If you are making a significant investment in your digital marketing campaigns but not making a similar investment in your UX (user experience) strategy, then you may well be losing not only visitors but also money. It is actually more cost-efficient to convert your existing audience (into action takers) than it is to spend more money on more traffic before you’ve really worked on your UX housekeeping.
UX describes how your users feel and think about your website and how this affects what they do, how they behave and whether or not they convert or jump ship. Studies show over 94% of first impressions are design related; first impressions count. It’s critical that your site is not just a visually appealing environment but that it also is easy to understand, easy to navigate and easy to trust especially if you are not Amazon or eBay where the user experience is already pretty much a known and accepted part of the seller/customer relationship. UX has a direct correlation with conversion and that means sales.
Regardless of how a visitor arrives at your website (organic search, social media platforms, PPC advertising or other trackable marketing campaigns), it is the UX that will dictate the rest of that customer journey. If the expectation they had when they clicked on your ad, or the link from the blog post is not met when they land on whatever landing page you send them to then you are going to get a bounce (recorded in web analytics as a visitor who leaves your website without taking an action). That’s wasted money and effort.
So solid UX ensures that your digital marketing budget is not wasted; it makes sure that the customer journey is seamless from start to conversion and helps to maintain an ever-improving conversion rate (arguably your most important digital marketing metric because it dictates your ROI).
Your conversion rate is the percentage of visitors to your website that engages in the actions you have defined as goals. If your desired goal is a sale and 2 out of every 100 visitors to your website buy something, your conversion rate is 2% (there is some debate about what a good conversion rate looks like). If you know the cost of those 100 visitors then it makes it easy to set budgets for that channel. If you can increase that conversion rate by improving your UX then you have the ability stretch that budget (and a strong argument for increasing it), it’s a handy metric to stay on top of.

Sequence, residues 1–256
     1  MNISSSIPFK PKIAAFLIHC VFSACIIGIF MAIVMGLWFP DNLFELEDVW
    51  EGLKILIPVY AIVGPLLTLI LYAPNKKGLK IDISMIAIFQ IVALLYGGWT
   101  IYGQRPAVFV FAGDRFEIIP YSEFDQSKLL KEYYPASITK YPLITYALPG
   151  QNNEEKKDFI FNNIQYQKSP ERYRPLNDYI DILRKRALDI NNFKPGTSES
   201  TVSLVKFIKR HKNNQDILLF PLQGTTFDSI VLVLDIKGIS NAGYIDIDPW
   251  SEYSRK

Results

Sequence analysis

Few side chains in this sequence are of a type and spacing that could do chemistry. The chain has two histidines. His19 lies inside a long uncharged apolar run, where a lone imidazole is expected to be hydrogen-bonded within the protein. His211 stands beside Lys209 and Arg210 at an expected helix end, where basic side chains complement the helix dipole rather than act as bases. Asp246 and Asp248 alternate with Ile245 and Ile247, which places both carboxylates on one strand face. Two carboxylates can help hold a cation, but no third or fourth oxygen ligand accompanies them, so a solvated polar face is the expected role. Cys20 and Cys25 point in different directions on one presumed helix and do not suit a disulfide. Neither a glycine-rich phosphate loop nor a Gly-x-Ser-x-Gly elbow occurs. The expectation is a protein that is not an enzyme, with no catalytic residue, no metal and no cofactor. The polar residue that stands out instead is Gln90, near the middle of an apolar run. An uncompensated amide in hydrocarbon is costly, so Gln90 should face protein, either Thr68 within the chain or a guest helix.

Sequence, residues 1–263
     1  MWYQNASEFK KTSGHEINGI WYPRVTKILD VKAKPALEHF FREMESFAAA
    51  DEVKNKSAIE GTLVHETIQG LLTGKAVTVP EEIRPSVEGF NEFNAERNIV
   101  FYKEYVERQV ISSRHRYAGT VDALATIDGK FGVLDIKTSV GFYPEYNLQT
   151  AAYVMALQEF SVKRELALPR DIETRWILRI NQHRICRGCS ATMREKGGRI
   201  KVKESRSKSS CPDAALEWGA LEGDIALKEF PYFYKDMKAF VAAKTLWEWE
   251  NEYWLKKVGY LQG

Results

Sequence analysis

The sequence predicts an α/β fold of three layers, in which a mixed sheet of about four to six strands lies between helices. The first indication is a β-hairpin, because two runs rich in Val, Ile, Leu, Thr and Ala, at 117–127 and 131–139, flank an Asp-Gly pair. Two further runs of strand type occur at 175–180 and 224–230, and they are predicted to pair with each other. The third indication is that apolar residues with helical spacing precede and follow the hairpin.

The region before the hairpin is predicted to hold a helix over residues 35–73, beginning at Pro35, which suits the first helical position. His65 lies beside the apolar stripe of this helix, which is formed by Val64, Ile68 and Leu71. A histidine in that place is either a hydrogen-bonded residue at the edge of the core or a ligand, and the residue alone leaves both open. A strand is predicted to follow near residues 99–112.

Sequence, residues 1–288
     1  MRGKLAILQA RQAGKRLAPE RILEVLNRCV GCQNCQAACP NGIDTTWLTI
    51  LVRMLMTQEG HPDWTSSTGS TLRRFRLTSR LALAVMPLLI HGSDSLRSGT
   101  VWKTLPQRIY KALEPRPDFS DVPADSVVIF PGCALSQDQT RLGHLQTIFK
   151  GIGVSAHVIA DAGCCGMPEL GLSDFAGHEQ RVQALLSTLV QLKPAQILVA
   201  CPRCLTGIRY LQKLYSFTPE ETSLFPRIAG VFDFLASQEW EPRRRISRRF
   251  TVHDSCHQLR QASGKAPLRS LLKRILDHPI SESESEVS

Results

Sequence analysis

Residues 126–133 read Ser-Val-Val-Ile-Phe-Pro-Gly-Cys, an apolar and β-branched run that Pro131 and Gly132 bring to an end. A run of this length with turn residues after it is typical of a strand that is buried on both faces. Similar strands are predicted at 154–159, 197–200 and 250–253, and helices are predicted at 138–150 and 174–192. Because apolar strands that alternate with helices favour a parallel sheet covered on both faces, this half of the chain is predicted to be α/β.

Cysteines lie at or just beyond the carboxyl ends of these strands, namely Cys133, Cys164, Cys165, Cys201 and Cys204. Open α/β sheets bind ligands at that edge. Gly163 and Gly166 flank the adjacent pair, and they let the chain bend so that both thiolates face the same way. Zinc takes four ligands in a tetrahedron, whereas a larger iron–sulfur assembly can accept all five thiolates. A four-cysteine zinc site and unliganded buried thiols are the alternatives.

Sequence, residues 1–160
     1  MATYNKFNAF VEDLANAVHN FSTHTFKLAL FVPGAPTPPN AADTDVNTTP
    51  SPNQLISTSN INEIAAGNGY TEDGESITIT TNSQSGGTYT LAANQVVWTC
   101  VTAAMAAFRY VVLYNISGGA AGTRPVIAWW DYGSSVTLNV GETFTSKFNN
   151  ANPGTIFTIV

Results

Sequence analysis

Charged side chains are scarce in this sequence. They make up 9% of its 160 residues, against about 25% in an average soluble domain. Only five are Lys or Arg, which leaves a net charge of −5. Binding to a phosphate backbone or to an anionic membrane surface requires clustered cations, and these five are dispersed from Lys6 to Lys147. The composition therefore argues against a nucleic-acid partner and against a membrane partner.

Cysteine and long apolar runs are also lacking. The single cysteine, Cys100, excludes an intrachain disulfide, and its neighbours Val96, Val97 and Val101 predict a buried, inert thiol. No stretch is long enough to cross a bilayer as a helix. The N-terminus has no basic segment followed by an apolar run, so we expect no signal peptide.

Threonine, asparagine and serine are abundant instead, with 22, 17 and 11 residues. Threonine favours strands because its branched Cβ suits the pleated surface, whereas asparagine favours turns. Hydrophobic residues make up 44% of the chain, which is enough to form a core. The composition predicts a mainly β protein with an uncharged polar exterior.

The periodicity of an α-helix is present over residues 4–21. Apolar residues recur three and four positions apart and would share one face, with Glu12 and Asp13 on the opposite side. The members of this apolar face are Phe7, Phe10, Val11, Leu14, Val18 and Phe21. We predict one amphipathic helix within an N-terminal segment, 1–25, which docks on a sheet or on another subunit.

Visitors and Google alike both love a fast, non-frustrating experience. A slow website will put off visitors and a fast site will actually boost your natural rankings in Google so it’s an SEO win too. Make sure you’re hosted on a fast, well monitored and reliable server and that your website is fully functional. You don’t want to end up losing traffic and ultimately sales simply because your website doesn’t work properly. Ensure that you don’t face this problem by taking advantage of the professionals at digivante.com. They will conduct multiple tests that will see your website performing at its best.
Make sure your visitors find it easy to find what they’re looking for. Optimize your menus (well laid mega menus are a good example) and your information architecture so that you don’t frustrate visitors with unrelated imagery or ambiguous CTAs (calls to action). It’s wise to utilize usability testing here, either via one of the many online resources or in-house using your own staff, friends, and family to undertake defined tasks so you can observe and make improvements to site navigation.
Effective and efficient digital marketing is all about connecting the right audience with the right information or proposition. When you invest in traffic, you should make sure you are sending them to the appropriate landing page; one designed expressly to elicit an action from the visitor. Your landing pages should be laid out appropriately and with well placed CTAs. Your landing page strategy should be continually tested (A/B split testing would be best) so that you can correlate your activities to your conversion rates and make continuous improvements.
If you keep an eye on your website analytics, you’ll see an ongoing trend showing an increase in traffic from mobile devices; this trend is not going away and by 2021 almost 54% of all online purchases will be made on mobile devices so it’s an important issue. You need to make sure that your mobile device is not only responsive (or designed to be mobile friendly) but also that your UX is also taken into account. Mobile and desktop layouts are very different and the way people navigate on a phone with a couple of thumbs is very different to how they move around a bigger screen using a mouse. Content is also read differently on a mobile device and even the environment your visitors are in (a bus stop, a shop, walking down the street) can be full of distractions that can pull them out of their customer journey.
UX must be an integral part of your digital marketing strategy just as much as it is part of the customer journey; your conversion rates are counting on it!